KEEPING the kids amused over the summer holidays always means extra costs, so finding ways to keep them entertained without spending a fortune is more important than ever.
English Heritage cares for more than 400 historic monuments, buildings and sites across England from prehistoric gems to grand medieval castles.
But you don’t have to be a member.
There are more than 250 free-to-enter sites where you can let the kids clamber over history — perhaps even picking up a fact or two.
Lisa Minot picks some places to explore this summer.
There are also plenty of special events from knights tournaments to pirate re-enactments at some sites.
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Waverley Abbey, Surrey: Built by French monks who settled in this peaceful spot by the River Wey in 1128, Waverley’s picturesque ruins include a fine 13th century vaulted refectory.
The site is a draw for Hollywood too, with the Abbey chosen as a backdrop for movies such as Disney’s Into The Woods and Elizabeth.
Just two miles down the road is another free site, Farnham Castle Keep, the impressive motte and ‘shell keep’ of a castle founded in 1138 by Henry of Blois.
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Kenwood House, North London: Overlooking London’s Hampstead Heath since the early 17th century, Kenwood House was transformed during the 18th century into a grand neoclassical villa.
Now restored to its Georgian splendour, Kenwood is home to a world- famous art collection, including Rembrandt’s ‘Portrait with Two Circles’.
There is a children’s trail around the house and the garden.
Appuldurcombe House, Isle of Wight: Begun in the early 18th century, Appuldurcombe was once the grandest house on the island and is now a delightfully eerie ghost of its former self, which kids will love.
It still retains many fine English baroque architectural details.
Less than 20 minutes’ drive away, families can explore St Catherine’s Oratory, a medieval octagonal tower on a cliff, built in 1328 as penance by a landowner who plundered church wine from a shipwreck.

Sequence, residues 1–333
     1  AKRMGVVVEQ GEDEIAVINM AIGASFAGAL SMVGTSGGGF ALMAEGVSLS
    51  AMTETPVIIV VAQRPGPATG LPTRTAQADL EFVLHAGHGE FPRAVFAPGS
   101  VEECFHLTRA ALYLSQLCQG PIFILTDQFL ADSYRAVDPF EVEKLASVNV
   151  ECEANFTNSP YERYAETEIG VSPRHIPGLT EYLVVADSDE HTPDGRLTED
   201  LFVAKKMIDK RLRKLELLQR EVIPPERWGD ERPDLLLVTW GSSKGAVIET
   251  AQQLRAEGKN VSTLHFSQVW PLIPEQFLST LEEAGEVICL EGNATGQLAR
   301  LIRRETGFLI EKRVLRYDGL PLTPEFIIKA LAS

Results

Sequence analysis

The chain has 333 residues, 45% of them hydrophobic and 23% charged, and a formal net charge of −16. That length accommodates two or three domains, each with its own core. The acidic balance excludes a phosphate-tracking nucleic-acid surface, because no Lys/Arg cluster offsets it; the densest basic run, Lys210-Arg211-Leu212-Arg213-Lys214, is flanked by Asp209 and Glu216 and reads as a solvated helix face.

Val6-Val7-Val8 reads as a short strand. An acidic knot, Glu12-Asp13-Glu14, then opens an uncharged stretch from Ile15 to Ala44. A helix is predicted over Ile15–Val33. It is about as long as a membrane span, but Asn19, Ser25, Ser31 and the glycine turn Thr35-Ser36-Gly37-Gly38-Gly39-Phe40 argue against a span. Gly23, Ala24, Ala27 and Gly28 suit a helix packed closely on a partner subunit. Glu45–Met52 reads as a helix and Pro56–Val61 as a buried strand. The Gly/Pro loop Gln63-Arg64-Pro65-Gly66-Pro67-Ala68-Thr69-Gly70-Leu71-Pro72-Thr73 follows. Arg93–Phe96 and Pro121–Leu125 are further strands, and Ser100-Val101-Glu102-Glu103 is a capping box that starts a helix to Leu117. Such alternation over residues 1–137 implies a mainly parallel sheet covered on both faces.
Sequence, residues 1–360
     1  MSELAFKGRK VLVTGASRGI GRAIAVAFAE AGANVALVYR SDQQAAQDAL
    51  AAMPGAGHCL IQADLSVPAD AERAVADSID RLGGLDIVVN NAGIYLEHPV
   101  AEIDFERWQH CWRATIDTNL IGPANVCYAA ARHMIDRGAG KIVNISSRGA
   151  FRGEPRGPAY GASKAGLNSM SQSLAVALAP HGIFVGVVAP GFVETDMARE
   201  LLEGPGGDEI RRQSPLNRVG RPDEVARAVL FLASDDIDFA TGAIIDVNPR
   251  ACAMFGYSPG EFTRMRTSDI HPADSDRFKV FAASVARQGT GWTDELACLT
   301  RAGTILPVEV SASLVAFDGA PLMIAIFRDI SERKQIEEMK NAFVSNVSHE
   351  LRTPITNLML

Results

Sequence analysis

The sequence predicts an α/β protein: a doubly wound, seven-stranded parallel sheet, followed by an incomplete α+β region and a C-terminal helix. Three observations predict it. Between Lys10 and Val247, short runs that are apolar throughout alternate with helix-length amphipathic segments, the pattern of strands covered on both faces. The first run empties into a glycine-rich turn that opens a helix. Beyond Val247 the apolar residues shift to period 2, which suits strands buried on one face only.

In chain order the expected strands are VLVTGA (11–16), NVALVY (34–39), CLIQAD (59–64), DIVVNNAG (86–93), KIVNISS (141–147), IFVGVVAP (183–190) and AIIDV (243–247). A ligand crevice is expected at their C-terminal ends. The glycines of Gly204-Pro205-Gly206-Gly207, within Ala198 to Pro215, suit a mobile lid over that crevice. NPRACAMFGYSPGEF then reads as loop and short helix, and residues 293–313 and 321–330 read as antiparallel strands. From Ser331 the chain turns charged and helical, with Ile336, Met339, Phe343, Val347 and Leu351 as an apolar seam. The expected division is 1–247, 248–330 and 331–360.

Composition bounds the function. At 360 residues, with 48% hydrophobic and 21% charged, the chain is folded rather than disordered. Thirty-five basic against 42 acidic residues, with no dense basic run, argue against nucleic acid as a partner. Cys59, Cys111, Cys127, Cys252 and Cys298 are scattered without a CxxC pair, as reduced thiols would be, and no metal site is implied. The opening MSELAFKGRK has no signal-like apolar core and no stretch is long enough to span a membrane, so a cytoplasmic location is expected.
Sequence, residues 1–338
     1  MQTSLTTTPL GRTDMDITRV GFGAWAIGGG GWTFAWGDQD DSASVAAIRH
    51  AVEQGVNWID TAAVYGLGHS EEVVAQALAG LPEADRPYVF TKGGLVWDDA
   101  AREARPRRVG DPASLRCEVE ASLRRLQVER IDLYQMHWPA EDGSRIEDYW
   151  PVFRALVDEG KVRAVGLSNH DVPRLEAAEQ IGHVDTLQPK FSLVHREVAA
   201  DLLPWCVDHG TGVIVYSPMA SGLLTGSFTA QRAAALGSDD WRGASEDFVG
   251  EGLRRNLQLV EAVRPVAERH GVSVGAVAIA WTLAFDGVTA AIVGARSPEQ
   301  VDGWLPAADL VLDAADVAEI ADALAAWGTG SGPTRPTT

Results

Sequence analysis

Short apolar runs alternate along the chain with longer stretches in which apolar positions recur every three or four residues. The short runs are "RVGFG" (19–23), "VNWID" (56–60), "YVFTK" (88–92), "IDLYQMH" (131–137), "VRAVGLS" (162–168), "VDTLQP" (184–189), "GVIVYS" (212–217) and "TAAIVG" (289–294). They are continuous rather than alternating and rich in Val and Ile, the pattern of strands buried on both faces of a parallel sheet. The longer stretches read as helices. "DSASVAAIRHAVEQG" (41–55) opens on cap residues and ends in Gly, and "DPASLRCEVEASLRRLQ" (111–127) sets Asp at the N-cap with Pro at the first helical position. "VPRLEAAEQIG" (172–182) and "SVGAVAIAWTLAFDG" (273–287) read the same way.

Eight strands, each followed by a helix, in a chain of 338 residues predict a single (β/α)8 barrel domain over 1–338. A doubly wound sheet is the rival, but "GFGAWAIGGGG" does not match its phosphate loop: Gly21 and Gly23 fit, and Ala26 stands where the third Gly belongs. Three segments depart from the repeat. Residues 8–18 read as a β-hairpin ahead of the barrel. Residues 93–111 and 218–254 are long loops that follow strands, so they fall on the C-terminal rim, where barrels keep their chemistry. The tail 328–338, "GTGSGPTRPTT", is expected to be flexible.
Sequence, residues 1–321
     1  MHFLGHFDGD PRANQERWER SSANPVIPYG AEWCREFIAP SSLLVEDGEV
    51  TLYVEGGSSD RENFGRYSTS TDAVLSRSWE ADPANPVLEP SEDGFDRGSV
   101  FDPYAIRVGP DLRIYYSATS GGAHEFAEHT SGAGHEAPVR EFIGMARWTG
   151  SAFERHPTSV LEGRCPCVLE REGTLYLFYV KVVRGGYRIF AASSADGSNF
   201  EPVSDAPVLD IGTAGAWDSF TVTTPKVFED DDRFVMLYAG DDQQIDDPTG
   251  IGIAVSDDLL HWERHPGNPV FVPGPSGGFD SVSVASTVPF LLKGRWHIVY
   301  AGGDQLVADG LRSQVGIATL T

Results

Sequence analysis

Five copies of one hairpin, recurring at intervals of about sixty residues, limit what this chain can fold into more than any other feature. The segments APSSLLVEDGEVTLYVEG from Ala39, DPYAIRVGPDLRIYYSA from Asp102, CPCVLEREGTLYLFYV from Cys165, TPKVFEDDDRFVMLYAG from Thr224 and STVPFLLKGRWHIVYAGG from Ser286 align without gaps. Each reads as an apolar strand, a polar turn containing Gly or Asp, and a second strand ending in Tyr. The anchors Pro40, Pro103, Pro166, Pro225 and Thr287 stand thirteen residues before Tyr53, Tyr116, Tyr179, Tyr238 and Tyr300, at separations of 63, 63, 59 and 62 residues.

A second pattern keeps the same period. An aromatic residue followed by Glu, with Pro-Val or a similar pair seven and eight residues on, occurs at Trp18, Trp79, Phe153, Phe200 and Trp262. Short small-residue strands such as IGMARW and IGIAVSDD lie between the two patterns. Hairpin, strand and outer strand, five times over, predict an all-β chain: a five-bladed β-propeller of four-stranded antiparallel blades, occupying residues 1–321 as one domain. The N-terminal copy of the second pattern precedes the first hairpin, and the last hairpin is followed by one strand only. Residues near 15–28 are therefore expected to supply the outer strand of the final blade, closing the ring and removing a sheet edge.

Carn Euny Ancient Village, Cornwall: One of the best-preserved ancient villages in the South West.
Families can wander through the foundations of stone houses from the 2nd to 4th centuries AD.
At its centre is a stone-walled passage known as a fogou, an Iron Age monument found only in far west Cornwall.
Within three miles of Carn Euny, families can visit Tregiffian Burial Chamber and Ballowall Barrow, a unique Bronze Age tomb with a complex history as a sacred site.
Castlerigg Stone Circle, Cumbria: One of Britain’s oldest stone circles, Castlerigg is sure to fire children’s imaginations with views of the Thirlmere Valley.
Built around 3,000BC, it comprises 38 stones.
Just half an hour’s drive away at Lake Windermere is Ambleside Roman Fort, probably built under Hadrian’s rule to guard a Roman road.
Norham Castle, Northumberland: Set high on a grassy mound, the castle was one of the most important strongholds in the area.
It was besieged at least 13 times by the Scots — once for nearly a year by Robert the Bruce.
Just 15 minutes’ drive away is the 16th century Etal Castle.
It’s the perfect place for a picnic and, in the summer months, there is an exhibition explaining the bloody Anglo-Scottish warfare.
Byland Abbey, North Yorkshire: This monastery’s architecture inspired the design of church buildings, including that of the famous York Minster Rose Window.
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Although destroyed in 1538, much of its gothic architecture remains and there is a museum open at weekends, and guided tours.